Instead of trying to create real people and what they’re doing, let’s turn it around and create almost an entirely animated film and then backwards engineer the people into that film. As a matter of fact, let’s not even engineer the people into the film, let’s engineer their faces. But there was a big hiccup that we came to I didn’t realize until later, which was that we began building it as an animated film and Alfonso had an idea that he wanted the shots to be incredibly long.

In the end, the two hour film will contain only 156 shots, including many long takes “six, eight, ten minutes long.” The film is being post-converted into 3D, with visual effects led by Framestore.

Drew McWeeny (HitFix) made it to the talk as well, and confirmed some more details about the film’s premise.

The screenplay, by Alfonso Cuarón, Jonas Cuarón, and Rodrigo Garcia, deals with how a team tries to survive when a missile is fired at a satellite while they’re all at the International Space Station, and the explosion creates a chain reaction of debris moving at 30,000 kph, threatening their ability to ever make their way back to Earth.

The lone survivor (Sandra Bullock) of the space mission desperately tries to return to Earth and reunite with her daughter.

Gravity is due to cinemas November 21st this year.

A Boy and his Shoe expected mid-2010

3 Sep

Milenio reports: Expect to see A Boy and his Shoe hit the big screens in mid-2010.

The story, written by the director and his son Jonás Cuarón, relates the experiences of a French employee who moves to Scotland with her two children who encounter a series of problems from the time they arrive culminating in great drama.

In addition to previously mentioned Charlotte Gainsbourg and Daniel Auteuil,  actors Guillaume Canet and Pam Ferris are now attached to the project, which should begin to film shortly (although it is not known whether it will film on location or in studio). Read more.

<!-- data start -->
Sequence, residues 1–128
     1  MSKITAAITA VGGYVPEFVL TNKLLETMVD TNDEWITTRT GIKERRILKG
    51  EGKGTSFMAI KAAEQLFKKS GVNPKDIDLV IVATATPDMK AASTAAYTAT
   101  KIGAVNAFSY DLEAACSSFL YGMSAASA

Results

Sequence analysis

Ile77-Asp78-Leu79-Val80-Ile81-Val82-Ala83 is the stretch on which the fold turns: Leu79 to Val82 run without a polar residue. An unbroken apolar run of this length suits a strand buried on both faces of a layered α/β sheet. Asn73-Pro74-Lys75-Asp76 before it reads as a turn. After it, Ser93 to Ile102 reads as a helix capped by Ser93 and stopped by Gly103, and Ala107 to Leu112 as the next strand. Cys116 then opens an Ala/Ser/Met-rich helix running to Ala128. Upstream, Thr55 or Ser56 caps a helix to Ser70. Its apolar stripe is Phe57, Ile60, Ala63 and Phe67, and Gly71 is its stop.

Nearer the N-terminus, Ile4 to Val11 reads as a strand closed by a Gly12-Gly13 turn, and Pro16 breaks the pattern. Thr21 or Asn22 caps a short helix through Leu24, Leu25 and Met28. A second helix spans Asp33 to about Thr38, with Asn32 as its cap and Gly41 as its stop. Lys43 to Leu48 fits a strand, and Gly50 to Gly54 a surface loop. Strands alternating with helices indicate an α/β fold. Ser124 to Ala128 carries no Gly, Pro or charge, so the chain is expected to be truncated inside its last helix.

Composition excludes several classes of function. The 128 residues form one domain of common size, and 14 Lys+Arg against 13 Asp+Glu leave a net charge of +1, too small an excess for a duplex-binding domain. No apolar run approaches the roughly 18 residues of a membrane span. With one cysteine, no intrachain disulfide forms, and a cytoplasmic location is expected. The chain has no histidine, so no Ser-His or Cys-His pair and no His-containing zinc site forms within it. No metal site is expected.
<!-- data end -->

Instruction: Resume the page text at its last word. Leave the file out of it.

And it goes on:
In other news, IndieWire reports that IFC has signed with Criterion to distribute a special Criterion edition of Y tu mamá también, among other films, for 2010 release.  “Criterion has always presented a mix of international classics and director-approved editions of important contemporary films, so this new slate of releases fits our mission perfectly. These films are future classics, and we’re very excited about the opportunity to work with the filmmakers to present them in great editions right from the start,” said Criterion’s Peter Becker.    Read more.

Also, Women & Hollywood (from a feminist perspective) have pointed out a recent Newsweek article profiling female directors from Mexico.  Says Melissa Silverstein from Women & Hollywood, “It’s interesting to note that the movies by the women described in the piece are more gritty and realistic and about life in Mexico whereas most of the film made by the prominent Mexican men and more fantasy and action drive.”

Mexican coverage for the Year of the Nail

16 Aug

There was a great deal of coverage in the Mexican press upon the domestic premiere of Año uña that I haven’t gotten to yet – some snippets and links in rougly chronlogical order follow:

Asked, “What’s next?” (El Universal), director Jonás Cuarón responded:

That is what we always talk about, my girlfriend and I, because what follows is no longer with snapshots, you write the script first, but I am interested in looking for ways to create an honest story, in an interesting way, but fun.

I want to continue in film, she wants to continue with photography and when she speaks of photography projects and concept talk, I believe that working together should not be forced […] we are not working together right now, we will always share opinions.

Salim Kury (Quién) caught up with both Cuarón and actress, co-producer, and editor Eireann Harper in a hotel suite around the premiere, and while the only news is that Cuarón is working on a script for his next feature and Harper is workign on her photography, Luis Ortiz Vargas took some new photos of the couple:

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Año uña in Mexico, Rudo y Cursi on DVD, and more

22 Jul

After screening at international festivals for the last two years,  Año uña finally premiered today in Mexico (after a delay due to the H1N1 epidemic).   Speaking to Reuters, director Jonás Cuarón shared his belief in the film’s universal appeal overcoming any linguistic barriers.  “Adolescent guarrada* is universal, whether in Japan, Mexico, or England; all thirteen year olds are filthy,” he remarked.  Read more.

Also, Rudo y Cursi comes out on DVD and Blu-ray on 25th August: Continue reading